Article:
Vaccines are a critical strategy in disease control and eradication in the food-producing animal health market. However, as most vaccines are essentially weakened versions of the normal virus, one of their limitations is that there can be no way to differentiate vaccinated animals from those that have active disease. One solution to this is the implementation of a DIVA vaccine strategy.
DIVA stands for Differentiating Infected from Vaccinated Animals and may utilise a vaccine (sometimes referred to as a marker vaccine) which is based on a different strain than the infective strain, enabling a diagnostic test to differentiate between vaccine-induced antibodies and antibodies against the infective strain.
Marker vaccines can be based on deletion mutants of wild-type pathogens, subunit vaccines or inactivated whole virus vaccines. The DIVA immune response can be detected by companion diagnostic tests such as enzyme linked immunosorbent assays (ELISA), or lateral flow immunoassays (LFIA).
Lateral flow technology is an ideal platform for a DIVA diagnostic solution as it provides a low cost, rapid result, at the point of use, providing optimal efficiency and improving the control of disease. Special restrictions, which are necessary for infected animals, can be loosened for animals identified as being vaccinated through the use of a diagnostic test.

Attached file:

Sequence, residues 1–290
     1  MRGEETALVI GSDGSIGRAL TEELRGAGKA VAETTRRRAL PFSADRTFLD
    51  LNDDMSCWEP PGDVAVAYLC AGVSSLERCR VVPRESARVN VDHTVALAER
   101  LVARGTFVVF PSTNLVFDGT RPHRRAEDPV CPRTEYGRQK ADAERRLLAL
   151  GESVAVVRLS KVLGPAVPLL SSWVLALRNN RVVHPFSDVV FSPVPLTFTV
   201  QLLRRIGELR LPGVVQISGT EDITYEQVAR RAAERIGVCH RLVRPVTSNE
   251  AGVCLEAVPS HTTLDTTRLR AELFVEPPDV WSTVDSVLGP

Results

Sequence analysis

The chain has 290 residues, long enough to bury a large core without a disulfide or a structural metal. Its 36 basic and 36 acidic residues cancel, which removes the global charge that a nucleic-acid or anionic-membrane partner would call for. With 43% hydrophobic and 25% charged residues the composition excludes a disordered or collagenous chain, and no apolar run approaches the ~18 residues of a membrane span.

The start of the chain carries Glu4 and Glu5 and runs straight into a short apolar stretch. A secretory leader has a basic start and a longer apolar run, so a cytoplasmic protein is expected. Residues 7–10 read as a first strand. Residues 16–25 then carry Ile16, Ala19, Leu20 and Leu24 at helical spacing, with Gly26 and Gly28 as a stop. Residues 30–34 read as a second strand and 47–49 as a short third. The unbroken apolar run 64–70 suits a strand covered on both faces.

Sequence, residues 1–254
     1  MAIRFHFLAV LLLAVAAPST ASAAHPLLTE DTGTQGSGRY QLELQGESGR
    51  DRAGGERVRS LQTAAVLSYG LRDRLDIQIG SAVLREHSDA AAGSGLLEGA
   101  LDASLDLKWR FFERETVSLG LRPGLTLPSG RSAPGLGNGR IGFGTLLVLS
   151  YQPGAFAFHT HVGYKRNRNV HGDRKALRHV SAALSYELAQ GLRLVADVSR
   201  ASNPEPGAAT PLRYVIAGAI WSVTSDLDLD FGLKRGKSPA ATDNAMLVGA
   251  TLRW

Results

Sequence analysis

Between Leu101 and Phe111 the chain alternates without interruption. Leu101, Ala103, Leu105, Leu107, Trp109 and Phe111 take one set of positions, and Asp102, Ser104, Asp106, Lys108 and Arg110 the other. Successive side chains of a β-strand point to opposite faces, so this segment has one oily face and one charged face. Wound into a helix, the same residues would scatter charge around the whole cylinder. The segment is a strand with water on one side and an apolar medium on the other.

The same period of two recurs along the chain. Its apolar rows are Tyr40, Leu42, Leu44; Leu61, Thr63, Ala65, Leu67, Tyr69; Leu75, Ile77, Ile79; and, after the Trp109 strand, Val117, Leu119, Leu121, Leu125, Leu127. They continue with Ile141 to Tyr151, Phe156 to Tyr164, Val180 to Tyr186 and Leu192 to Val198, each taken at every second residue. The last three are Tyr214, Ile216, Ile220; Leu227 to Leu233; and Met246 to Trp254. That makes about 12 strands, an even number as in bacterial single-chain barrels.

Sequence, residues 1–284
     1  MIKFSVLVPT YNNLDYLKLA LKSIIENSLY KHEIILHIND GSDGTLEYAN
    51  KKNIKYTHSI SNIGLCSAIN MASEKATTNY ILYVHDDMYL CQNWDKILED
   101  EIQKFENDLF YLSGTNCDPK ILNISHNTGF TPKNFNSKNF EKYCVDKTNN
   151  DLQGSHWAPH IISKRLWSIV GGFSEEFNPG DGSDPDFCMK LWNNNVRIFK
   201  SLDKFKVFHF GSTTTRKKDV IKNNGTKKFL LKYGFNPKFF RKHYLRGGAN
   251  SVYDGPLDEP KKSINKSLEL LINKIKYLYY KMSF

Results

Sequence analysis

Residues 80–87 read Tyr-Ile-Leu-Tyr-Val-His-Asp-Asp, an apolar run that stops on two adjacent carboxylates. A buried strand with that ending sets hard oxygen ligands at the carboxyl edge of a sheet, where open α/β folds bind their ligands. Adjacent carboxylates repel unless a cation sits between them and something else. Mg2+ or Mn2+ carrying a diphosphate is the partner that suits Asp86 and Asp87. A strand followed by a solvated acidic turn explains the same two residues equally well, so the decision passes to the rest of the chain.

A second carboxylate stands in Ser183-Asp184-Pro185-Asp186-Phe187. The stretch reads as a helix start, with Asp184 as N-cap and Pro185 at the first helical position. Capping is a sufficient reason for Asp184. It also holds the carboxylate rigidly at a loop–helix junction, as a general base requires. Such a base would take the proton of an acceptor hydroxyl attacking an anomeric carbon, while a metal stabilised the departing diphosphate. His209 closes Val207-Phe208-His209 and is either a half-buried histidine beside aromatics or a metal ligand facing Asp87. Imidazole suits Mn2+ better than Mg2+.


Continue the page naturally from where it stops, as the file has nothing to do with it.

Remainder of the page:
Animals have to be certified as disease-free before they can be sold internationally, for example, the EU has a ban on trading cattle which are not officially Tuberculosis (TB) free (Directive 64/432/EEC). Interference of the BCG vaccine with bovine TB (bTB) diagnostic tests led to the ban on bTB vaccination of cattle. An effective DIVA test for bTB would allow trade in cattle vaccinated against bTB under the proposed European Animal Health Law. In this scenario, the development of a cost-effective rapid lateral flow solution could be beneficial.
DIVA vaccines were first used for the eradication of Aujeszky disease in pigs, since then they have advanced to cover infectious bovine rhinotracheitis (IBR) of cattle, foot-and-mouth disease (FMD), classical swine fever (CSF), avian influenza infection (H7N1), and more recently Peste des petits ruminants (PPR).
Marker vaccines along with companion diagnostic test kits hold tremendous potential for developing improved tools for eradication and control programs, allowing vaccination while still retaining the possibility of serological surveillance for the presence of infection.
While DIVA tests add to the overall cost of a vaccination strategy, the use of reliable low-cost technology such as lateral flow immunoassays can offer a cost-effective solution.
Abingdon Health develops and manufactures lateral flow immunoassays for multiple industry sectors including the animal health market, under ISO 9001:2015 and ISO 13485:2016 certification and GMP compliance.
We have built an experienced and expert team who have developed tried and trusted methodologies to produce assays for multiple markers in a variety of matrices. Contact us on +44(0) 1904 406082 or email@example.com if you have a requirement for DIVA diagnostic development or the development of a lateral flow assay for any other marker.
Published 27th June 2018
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